Long Way Home (Chapter Seven, page 2 of 6)

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The waiter brought two whiskeys and set one in front of Alexis and the other in front of Tyler.

"You got one for yourself?" she queried.

"Why not? I could use a little more hair on my chest."

At the mention of his chest, Alexis's eyes inadvertently moved to admire his physique. When she caught herself staring, she immediately straightened in her chair and cleared her throat awkwardly.

"So have you had any other jobs aside from The Blue Heron and your music?" she asked. She hoped to distract herself from the hint of muscles lurking underneath his


"A couple, not too many."

"What's been the worst one?" she asked.

"Easy. Counting furniture in an insane asylum."

She threw her head back and laughed. "What? Is that even a job?"

"Paid eight dollars and fifty cents an hour, off the island naturally."

"Are you sure you weren't in the asylum?" she teased.

"I composed lyrics to one of my best songs in that place, so it was worth it. What about you?"

"I've never composed lyrics anywhere." She downed her whiskey and relished the burn as it spread through her body.

"Ha, ha. Your worst job, smart ass."

"Easy. Being a corporate lawyer."

"But that's what you do now."

"I've never had another job."

"Why would you do it for so long if you hate it?"

Alexis shrugged. "Lots of reasons."

"Is this the type of evidence you give at work?" he asked with a grin. "If so, I can see why the job might not suit you."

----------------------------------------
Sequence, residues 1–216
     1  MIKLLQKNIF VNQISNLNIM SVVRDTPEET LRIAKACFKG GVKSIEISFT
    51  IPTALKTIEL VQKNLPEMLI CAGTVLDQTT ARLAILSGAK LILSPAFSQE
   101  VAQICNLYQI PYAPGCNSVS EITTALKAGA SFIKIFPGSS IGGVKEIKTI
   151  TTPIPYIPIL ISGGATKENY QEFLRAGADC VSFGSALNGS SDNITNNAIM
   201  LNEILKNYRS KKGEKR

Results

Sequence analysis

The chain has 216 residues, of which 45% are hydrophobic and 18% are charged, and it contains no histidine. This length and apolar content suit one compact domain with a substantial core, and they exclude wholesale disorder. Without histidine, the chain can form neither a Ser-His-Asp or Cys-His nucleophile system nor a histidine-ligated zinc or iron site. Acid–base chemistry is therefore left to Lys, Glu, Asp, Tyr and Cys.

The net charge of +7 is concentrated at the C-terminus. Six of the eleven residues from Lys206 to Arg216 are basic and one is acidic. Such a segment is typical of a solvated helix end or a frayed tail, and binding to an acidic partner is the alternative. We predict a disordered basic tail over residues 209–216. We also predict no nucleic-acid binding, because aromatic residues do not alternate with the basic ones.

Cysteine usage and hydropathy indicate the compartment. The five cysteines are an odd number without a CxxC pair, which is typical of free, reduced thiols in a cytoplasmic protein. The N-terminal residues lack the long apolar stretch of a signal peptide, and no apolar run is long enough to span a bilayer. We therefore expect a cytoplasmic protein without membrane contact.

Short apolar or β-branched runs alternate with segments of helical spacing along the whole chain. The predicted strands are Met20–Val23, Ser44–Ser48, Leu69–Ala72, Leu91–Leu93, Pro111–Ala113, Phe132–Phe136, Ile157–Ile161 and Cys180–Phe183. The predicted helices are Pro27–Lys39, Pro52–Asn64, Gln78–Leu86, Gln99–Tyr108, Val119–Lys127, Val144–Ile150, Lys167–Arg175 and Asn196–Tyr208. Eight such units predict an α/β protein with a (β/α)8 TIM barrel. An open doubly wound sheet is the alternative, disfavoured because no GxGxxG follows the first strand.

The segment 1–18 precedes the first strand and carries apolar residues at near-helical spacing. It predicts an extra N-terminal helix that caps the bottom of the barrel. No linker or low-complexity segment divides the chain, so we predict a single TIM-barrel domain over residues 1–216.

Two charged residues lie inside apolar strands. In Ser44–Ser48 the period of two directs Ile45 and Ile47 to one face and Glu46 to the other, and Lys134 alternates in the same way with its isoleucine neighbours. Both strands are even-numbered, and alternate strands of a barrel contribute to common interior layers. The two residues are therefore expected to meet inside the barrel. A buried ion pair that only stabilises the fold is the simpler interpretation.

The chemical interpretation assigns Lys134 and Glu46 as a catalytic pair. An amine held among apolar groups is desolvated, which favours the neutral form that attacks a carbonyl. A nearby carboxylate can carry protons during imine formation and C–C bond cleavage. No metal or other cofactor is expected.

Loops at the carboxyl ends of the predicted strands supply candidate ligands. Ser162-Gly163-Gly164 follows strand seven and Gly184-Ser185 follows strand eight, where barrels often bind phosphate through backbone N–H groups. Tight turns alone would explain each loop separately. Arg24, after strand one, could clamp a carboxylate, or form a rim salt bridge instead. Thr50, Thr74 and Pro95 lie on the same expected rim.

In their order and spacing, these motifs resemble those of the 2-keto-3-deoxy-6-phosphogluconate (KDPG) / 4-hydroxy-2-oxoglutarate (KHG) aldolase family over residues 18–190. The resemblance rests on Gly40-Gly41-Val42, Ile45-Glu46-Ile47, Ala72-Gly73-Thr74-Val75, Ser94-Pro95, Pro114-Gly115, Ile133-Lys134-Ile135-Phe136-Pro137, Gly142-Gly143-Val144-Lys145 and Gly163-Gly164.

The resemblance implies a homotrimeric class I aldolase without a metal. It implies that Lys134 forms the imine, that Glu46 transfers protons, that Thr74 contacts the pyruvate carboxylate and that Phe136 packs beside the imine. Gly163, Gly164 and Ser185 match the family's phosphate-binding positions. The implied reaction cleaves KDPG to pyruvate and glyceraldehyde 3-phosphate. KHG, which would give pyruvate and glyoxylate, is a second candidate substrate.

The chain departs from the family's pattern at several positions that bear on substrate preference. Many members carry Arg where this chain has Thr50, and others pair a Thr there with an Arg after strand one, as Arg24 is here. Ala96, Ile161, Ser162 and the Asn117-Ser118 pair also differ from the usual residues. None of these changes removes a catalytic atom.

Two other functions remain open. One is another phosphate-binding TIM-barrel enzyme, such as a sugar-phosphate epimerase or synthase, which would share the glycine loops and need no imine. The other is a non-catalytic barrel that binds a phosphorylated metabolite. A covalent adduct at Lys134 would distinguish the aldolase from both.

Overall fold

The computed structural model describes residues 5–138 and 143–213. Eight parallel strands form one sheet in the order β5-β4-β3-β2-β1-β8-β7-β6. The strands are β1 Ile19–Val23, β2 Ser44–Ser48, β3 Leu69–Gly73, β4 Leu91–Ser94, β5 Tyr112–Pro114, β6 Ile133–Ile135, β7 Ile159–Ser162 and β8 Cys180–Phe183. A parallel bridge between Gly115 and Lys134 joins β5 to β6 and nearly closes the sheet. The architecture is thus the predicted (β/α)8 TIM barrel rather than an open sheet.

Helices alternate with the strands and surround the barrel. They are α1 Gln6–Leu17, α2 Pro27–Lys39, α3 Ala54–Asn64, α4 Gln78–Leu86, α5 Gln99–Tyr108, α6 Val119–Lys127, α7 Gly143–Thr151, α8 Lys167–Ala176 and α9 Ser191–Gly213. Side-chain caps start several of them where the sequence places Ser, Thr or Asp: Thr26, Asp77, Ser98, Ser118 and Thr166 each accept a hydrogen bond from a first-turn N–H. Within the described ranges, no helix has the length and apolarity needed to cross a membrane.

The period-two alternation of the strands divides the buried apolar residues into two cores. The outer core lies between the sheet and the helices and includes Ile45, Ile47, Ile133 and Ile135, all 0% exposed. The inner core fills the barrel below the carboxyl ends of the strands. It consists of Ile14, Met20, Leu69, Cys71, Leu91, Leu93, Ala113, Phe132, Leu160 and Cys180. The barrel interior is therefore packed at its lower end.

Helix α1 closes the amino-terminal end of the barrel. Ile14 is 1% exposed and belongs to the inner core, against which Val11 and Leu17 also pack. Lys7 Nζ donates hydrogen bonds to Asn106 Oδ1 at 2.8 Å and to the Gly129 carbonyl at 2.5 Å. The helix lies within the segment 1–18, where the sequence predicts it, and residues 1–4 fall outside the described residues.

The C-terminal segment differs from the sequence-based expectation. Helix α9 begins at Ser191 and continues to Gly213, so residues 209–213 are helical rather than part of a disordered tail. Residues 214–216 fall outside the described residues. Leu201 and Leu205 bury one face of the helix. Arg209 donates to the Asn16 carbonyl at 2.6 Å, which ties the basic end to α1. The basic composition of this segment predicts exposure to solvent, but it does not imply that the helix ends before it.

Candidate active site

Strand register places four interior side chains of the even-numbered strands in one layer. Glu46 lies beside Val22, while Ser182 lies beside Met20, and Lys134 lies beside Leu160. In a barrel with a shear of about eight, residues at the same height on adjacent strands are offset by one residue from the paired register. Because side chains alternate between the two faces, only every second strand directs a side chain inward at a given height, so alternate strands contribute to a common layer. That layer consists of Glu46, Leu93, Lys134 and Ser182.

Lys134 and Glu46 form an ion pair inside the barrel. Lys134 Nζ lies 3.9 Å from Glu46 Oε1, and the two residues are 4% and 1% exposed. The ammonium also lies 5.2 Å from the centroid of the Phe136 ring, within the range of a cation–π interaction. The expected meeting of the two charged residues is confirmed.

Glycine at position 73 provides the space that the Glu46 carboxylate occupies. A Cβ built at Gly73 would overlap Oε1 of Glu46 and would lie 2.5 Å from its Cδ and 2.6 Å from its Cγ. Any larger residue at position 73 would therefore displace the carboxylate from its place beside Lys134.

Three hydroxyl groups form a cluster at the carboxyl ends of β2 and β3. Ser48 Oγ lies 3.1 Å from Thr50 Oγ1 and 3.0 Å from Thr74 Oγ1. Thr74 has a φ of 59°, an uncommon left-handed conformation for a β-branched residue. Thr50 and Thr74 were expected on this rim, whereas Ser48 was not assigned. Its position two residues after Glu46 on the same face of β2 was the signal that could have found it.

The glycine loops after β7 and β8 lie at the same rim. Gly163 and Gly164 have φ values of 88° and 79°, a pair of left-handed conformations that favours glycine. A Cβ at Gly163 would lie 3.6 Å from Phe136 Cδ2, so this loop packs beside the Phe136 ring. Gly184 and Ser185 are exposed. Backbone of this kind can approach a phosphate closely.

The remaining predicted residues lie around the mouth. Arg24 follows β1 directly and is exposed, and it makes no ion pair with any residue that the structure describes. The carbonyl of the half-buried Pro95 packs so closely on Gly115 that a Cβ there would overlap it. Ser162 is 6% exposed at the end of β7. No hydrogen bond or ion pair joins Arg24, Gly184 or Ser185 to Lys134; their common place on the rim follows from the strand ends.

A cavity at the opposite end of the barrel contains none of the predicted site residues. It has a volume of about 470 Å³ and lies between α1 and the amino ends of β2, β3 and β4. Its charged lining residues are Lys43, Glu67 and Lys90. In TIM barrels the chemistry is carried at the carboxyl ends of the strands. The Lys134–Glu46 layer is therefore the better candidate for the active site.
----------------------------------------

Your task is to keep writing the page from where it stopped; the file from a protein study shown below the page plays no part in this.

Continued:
Alexis laughed despite herself. She didn't have the heart to tell him that corporate work did not involve giving evidence. "It offered me disposable income, respect, intellectual challenges. Lots of things I didn't have growing up."

"You know, most kids rebel by smoking dope or shoplifting. Not by becoming a lawyer."

"I wouldn't describe it as rebellion. The rebellion was cutting them off."

"What then?"

Alexis tried to decide how to explain her family to him. She couldn't even explain them to herself. They had always seemed so alien to her.

"I don't know. I just never felt like they were proud of me, like the things I did well weren't of interest to them."

"So what about Betsy? Why is she in the catbird seat?"

"She didn't reach above her station, for starters. Law is for superior people, or people who think they're superior."

"Doesn't your mother work for a lawyer?" he asked.

"The key phrase is works for. Truth be told, I think my mom is fine with it. My dad's the one who equated lawyers with politicians and criminals."

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